Understanding Racism through the eyes of Clarence Thomas

I initially read this New Yorker profile on Clarence Thomas last year, but it’s been stuck in my mind ever since. So much so I had to read it again this week – I cannot remember reading an article twice in this way before, where I thought about it so much that I had to revisit it much later. What do you do about racism? And what is racism? If you listen to the New York Times podcast, Nice White Parents, it helped me think about what is it we really want when we ask for diversity or equality.

At Yale, Thomas developed an understanding of racism that he would never shake. Whites—Southern and Northern, liberal and conservative, rural and urban—are racists. Racism, Thomas would tell students at Mercer University, in 1993, “has complex and, to a certain degree, undiscoverable roots.” Not knowing its beginnings, we can’t know its end. The most that can be hoped for is that whites be honest about it. Honesty is demonstrated through crude statements of personal animus or intellectual suggestions of racial inequality. Dishonesty is demonstrated through denial of one’s racism and sympathetic extensions of help. Dishonesty lulls black people into a false sense of security, assuring them that they are safe when they are not. One of Thomas’s favorite songs is the 1971 hit “Smiling Faces Sometimes,” by the Undisputed Truth. Its classic lyric—“Smiling faces, smiling faces tell lies”—resonates with his experience of Northern white liberals. Among the virtues of the Reagan Administration, he has said, was the fact that no one there was “smiling in your face.”

Racism isn’t so much about “I don’t like a certain race”. After all, Donald Trump is quite sure of his lack of racist temperament. I think it’s more of what Clarence Thomas (and Harvard’s Project Implicit) is referring to – a refusal to believe in one’s own capability for bias (racism) at scale, leading to systemic racism.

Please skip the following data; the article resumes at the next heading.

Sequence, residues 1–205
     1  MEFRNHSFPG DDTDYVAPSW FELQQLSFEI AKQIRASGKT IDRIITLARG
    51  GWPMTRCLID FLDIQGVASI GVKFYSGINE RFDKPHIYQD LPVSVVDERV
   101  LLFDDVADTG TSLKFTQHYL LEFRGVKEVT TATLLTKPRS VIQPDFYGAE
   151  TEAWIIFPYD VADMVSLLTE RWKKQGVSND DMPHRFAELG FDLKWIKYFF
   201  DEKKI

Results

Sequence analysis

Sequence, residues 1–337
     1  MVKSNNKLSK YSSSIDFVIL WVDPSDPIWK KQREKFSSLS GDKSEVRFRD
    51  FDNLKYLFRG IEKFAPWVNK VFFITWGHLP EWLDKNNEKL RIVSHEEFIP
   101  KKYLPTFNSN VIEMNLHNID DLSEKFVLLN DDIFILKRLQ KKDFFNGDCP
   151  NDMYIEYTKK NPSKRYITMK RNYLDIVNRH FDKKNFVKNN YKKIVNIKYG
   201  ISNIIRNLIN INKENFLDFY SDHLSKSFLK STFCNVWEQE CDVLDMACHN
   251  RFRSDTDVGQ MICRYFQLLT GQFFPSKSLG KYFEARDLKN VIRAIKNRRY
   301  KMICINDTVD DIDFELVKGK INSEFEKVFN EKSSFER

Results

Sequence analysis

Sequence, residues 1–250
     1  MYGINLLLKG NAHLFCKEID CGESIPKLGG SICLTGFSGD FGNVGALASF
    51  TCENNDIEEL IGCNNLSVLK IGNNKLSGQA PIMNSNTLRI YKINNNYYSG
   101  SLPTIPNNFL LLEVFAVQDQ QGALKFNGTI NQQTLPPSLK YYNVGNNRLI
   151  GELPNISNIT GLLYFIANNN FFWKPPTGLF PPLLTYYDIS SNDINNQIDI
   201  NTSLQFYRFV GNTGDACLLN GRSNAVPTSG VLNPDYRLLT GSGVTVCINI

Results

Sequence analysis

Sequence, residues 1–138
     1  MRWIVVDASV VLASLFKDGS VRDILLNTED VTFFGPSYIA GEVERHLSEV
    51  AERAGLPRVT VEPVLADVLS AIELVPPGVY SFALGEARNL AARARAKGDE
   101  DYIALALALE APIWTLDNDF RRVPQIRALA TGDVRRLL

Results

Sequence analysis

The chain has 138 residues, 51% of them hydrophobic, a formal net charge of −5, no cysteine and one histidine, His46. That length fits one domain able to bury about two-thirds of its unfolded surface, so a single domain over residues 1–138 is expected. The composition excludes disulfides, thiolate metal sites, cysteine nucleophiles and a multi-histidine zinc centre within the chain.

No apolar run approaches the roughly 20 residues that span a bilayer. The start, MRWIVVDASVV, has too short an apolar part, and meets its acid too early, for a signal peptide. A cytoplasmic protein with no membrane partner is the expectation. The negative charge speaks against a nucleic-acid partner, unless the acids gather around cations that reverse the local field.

When it comes to the issues surfaced in Nice White Parents, I too want to live in a diverse community with my children going to great schools. But do I just want to be around other “safe” upper middle class people, who just happen to be mostly white?

Or another way to think about it, “Black People are not Dark-Skinned White People.

[Warriors] And with the second pick…

As the Warriors on Wednesday, if I could trade down slightly, I’d go for Obi Toppin, last year’s college player of the year, and another asset (veteran cog).

From The Athletic:

The best pick-and-roll big in the draft. An absolute monster athlete in terms of explosiveness. Great speed for his size, and it’s really tough for defenders to stay attached to him in exchanges. Can beat taggers to the spot on the back side. A powerful leaper who is an elite dunker and finisher at the rim, having made 76.7 percent of all shots at the rim in non-post-ups, according to Synergy. Also, Toppin is terrific out in transition, creating numerous opportunities every game with his speed and finishing. He’s not just a pick-and-dive guy, though. He’s very fluid and can really shoot it off the catch, particularly out of pick-and-pops. Made his catch-and-shoot attempts at a 58.1 effective field goal percentage, and he has touch and a clean release on the ball that should translate into continued improvement. The questions come on defense, where Toppin is particularly bad in space right now and might be a bit stuck between the 4 and the 5 positions at the NBA level.

Here’s what I see:

  • Amare Stoudemire. Stephen Curry = Steve Nash. Detonate.